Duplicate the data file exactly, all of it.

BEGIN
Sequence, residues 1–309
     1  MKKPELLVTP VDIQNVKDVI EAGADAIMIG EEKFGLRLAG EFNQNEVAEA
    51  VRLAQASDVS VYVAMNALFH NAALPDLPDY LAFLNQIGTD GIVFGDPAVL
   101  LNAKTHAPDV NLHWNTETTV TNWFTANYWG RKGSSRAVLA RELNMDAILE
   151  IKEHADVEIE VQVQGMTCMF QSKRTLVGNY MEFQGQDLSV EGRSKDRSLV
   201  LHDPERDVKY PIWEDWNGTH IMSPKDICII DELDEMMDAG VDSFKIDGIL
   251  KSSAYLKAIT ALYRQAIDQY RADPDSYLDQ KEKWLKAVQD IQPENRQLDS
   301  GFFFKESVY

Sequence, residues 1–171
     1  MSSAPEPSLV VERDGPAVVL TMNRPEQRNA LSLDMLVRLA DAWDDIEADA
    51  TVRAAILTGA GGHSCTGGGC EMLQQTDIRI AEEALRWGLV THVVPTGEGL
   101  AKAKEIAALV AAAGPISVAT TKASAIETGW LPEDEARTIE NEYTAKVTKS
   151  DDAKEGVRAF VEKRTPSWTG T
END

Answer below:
Sequence, residues 1–309
     1  MKKPELLVTP VDIQNVKDVI EAGADAIMIG EEKFGLRLAG EFNQNEVAEA
    51  VRLAQASDVS VYVAMNALFH NAALPDLPDY LAFLNQIGTD GIVFGDPAVL
   101  LNAKTHAPDV NLHWNTETTV TNWFTANYWG RKGSSRAVLA RELNMDAILE
   151  IKEHADVEIE VQVQGMTCMF QSKRTLVGNY MEFQGQDLSV EGRSKDRSLV
   201  LHDPERDVKY PIWEDWNGTH IMSPKDICII DELDEMMDAG VDSFKIDGIL
   251  KSSAYLKAIT ALYRQAIDQY RADPDSYLDQ KEKWLKAVQD IQPENRQLDS
   301  GFFFKESVY

Sequence, residues 1–171
     1  MSSAPEPSLV VERDGPAVVL TMNRPEQRNA LSLDMLVRLA DAWDDIEADA
    51  TVRAAILTGA GGHSCTGGGC EMLQQTDIRI AEEALRWGLV THVVPTGEGL
   101  AKAKEIAALV AAAGPISVAT TKASAIETGW LPEDEARTIE NEYTAKVTKS
   151  DDAKEGVRAF VEKRTPSWTG T